Mechanical damage, resulting primarily from excavation activity, remains a major cause of pipeline failure and the leading source of high consequence pipeline incidents. Significant efforts by PHMSA, the pipeline industry, and stakeholder organizations have increased public awareness of the risks of excavation in pipeline corridors. However, research regarding detection of mechanical damage using in-line inspection (ILI) technologies, characterization of the severity of mechanical damage, and mitigation measures for reducing the occurrence of mechanical damage is fragmented. No single prior study has simultaneously assessed the state of knowledge of each of these considerations or their interrelationships. PHMSA believes undertaking this study was necessary to pull known information together so that further collaborate will occur from a more common knowledge level.
On February 28-March 1, 2006, PHMSA held a major public workshop on mechanical damage. The workshop was intended to ensure broad outreach to and involvement by, the primary stakeholders in the development of a common frame of reference useful in advancing technology addressing mechanical damage issues. Presentations and summary of the workshop are available by clicking here.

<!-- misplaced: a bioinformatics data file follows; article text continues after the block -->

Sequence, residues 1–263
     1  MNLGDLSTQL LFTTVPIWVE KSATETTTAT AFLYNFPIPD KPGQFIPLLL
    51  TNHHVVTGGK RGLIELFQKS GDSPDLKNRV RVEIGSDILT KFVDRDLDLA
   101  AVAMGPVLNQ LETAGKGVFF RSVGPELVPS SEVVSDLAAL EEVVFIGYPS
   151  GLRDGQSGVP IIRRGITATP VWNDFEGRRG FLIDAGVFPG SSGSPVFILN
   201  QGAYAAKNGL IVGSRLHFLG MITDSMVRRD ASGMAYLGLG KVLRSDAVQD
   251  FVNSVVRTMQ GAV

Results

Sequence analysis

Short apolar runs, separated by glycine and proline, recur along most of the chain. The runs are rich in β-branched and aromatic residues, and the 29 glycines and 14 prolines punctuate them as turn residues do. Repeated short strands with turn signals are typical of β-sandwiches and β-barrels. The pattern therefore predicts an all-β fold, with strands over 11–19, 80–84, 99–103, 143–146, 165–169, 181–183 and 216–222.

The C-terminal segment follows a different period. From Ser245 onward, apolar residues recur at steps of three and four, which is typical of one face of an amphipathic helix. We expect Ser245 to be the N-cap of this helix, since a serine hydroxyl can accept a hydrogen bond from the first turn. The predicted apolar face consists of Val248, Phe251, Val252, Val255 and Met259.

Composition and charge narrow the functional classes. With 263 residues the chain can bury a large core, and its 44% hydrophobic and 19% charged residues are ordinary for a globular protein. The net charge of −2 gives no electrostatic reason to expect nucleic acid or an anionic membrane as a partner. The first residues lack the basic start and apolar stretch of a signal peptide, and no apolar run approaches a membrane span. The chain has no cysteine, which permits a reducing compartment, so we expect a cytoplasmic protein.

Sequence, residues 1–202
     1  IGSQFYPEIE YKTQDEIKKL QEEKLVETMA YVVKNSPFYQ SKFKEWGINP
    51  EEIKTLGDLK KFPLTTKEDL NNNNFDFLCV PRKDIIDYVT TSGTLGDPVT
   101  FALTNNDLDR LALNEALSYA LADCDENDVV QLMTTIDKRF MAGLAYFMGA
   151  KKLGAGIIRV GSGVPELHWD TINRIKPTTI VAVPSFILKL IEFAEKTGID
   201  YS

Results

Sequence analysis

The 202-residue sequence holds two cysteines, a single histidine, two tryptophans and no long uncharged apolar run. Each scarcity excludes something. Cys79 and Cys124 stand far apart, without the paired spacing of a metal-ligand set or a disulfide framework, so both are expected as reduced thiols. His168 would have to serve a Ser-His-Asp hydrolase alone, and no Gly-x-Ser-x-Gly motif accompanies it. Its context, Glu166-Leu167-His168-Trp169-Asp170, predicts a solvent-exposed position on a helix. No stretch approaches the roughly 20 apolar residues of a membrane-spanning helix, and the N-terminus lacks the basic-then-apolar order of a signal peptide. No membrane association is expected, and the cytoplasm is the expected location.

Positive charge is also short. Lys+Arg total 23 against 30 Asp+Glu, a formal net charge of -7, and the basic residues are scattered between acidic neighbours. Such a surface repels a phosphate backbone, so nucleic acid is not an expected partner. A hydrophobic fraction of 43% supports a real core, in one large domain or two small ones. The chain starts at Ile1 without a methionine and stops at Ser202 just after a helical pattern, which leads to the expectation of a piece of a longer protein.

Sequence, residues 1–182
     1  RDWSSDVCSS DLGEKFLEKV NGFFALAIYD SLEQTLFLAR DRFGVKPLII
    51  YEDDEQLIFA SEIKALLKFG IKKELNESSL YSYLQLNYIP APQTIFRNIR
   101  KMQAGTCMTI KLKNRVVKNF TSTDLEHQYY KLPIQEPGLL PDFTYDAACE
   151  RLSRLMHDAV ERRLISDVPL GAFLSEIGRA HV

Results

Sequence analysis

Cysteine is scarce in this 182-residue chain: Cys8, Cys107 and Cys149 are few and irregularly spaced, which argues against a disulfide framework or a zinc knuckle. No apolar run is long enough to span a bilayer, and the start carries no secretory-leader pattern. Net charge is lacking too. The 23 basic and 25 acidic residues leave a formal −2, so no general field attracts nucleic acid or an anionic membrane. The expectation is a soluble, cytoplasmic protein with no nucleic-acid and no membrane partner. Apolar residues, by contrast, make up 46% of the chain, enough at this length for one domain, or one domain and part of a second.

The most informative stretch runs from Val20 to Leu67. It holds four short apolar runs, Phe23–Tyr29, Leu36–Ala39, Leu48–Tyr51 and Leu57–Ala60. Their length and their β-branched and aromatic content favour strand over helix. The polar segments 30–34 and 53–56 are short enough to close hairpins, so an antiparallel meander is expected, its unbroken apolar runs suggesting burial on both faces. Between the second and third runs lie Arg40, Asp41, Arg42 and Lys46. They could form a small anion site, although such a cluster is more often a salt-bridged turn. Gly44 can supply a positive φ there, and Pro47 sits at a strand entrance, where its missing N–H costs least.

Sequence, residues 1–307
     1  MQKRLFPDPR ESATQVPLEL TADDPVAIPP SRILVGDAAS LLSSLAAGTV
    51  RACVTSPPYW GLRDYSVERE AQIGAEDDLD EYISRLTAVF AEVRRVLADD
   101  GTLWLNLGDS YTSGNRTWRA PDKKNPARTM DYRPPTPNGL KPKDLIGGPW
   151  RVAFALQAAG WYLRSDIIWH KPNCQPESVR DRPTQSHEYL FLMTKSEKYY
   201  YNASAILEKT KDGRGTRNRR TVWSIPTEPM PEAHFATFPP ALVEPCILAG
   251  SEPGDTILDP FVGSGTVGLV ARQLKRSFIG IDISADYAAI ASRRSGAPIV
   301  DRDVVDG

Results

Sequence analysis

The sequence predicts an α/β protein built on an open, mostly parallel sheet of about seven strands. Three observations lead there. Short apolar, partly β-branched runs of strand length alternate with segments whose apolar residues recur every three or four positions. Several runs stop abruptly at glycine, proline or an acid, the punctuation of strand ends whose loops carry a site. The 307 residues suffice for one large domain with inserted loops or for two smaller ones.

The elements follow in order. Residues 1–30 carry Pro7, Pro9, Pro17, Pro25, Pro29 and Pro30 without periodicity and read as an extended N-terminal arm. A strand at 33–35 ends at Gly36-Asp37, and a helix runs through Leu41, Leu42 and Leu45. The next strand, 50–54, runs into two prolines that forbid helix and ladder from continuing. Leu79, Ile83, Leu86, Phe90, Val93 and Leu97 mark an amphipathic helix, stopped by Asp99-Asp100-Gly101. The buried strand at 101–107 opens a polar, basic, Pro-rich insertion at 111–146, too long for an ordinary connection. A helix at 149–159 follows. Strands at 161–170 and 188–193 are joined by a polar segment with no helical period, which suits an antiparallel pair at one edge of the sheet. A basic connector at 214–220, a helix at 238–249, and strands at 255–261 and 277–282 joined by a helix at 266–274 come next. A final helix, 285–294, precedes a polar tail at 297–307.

Using inputs from the workshop, PHMSA commissioned a synthesis study on mechanical damage to evaluate the state of technology as well as gaps in the accepted technology necessary to understand, identify, assess, manage, and mitigate mechanical damage of pipelines. As an initial step in the process, input was sought through a public comment process on the definition of mechanical damage that provided the foundation for this report. A significant part of the report effort was interviews with pipeline operators to seek their input on mechanical damage issues. Successful completion and acceptance of this study will require the continued support and participation of all stakeholders.
PHMSA invited comments on the final draft report during an open comment period ending January 15, 2009. Comments are now being reviewed. A Final Report will be issued during the 1st Quarter of 2009.
Please direct any questions to Chris Mayernik at firstname.lastname@example.org